1. FM Arun Jaitley dubs critics of GST rate on sanitary pads as ill-informed, explains why

FM Arun Jaitley dubs critics of GST rate on sanitary pads as ill-informed, explains why

Jaitley explained that one of the key components of GST is the Input Tax Credit system. It simply states that the total tax, a manufacturer has to pay to the government for a product that they sell.

By: | New Delhi | Published: November 30, 2017 7:43 PM
Finance Minister of India, Finance Minister Arun Jaitley, Finance Minister Arun Jaitley on Sanitary pads, Arun Jaitley on Sanitary pads, Arun Jaitley on GST, GST on Sanitary pads, Why sanitary pads attracts GST Finance Minister Arun Jaitley (IE)

Finance Minister Arun Jaitley has been criticised for including sanitary pads under GST. Today, FM revealed why this product attracts GST. Answering all questions, the minister said that the debate on the issue is ill-informed. FM Jaitley explained that 12 per cent Goods and Services Tax (GST) is necessary as it safeguards Indian manufacturers from foreign ones. While speaking at the HTLS, Jaitley was questioned by a member of the audience on why such a basic sanitation product could fall under such high tax bracket.

Jaitley explained that one of the key components of GST is the Input Tax Credit system. It simply states that the total tax, a manufacturer has to pay to the government over a product that they sell, and it is the tax rate on the product set by the government minus the tax that has already been paid on the raw materials for that product. This amount that the manufacturer gets to keep with themselves is called the Input Tax Credit.

In the case of sanitary pads, Jaitley said that the tax mandated is 12 per cent of the cost which is set by the manufacturer. He further explained that when the same manufacturer buys raw materials for sanitary pads, he already pays a GST on each of them. Jaitley highlighted that some of the raw materials actually fall in the 18 per cent bracket. The tax that he hence pays to the government, is the final tax on his price minus the taxes he has paid while buying the raw materials. This, in turn, reduces manufacturing costs for him. This is how the input credit system protects the manufacturer.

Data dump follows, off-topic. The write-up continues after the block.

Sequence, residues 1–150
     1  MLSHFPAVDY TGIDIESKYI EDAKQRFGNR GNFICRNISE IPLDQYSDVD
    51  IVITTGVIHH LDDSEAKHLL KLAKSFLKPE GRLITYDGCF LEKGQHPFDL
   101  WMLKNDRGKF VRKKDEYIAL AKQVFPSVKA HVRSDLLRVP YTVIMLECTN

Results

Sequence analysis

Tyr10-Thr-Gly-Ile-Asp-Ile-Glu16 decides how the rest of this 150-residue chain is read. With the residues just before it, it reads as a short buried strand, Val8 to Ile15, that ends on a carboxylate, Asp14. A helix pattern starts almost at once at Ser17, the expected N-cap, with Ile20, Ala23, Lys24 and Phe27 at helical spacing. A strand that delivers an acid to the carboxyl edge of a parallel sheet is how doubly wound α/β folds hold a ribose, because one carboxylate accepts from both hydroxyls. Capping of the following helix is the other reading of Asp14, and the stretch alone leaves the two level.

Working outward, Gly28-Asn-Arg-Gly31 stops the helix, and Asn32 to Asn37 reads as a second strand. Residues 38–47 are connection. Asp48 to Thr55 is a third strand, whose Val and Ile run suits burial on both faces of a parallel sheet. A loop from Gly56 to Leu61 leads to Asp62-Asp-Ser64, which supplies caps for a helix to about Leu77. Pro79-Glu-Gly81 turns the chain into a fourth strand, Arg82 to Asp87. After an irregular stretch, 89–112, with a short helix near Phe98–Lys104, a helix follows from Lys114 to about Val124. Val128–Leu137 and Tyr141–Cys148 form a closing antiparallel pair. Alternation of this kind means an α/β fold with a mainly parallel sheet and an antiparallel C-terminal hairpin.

“Prior to the implementation of GST, there were several hidden taxes which led to sanitary pads to have an effective tax rate of 13 per cent over the price. So that is already reduced to 12 per cent by bringing it under the GST,” said Arun Jaitley. He further explained, “Add to it the input tax credit to the manufacturer, and it then gets reduced in the range of 3-4 per cent effectively that has to be paid to the government, significantly cutting down manufacturing cost for the manufacturer. Since the manufacturing costs are cut, the benefit can even be passed on to the customer in the form of lower base price.”

Jaitley also pointed out that this reform protects Indian manufacturers from Chinese counterpart. “Apart from the input tax credit boosting the indigenous manufacturers, it also protects them from Chinese imports. This is because the Chinese imports have a lower base price than Indian products. Removing the GST completely from the sanitary pads would result in loss of input credit to Indian manufacturers and would drive up manufacturing costs even further. Thus, the GST keeps Indian goods competitive,” said Arun Jaitley.

Jaitley also spoke about several other measures that the Modi government recently took to boost the Indian economy.

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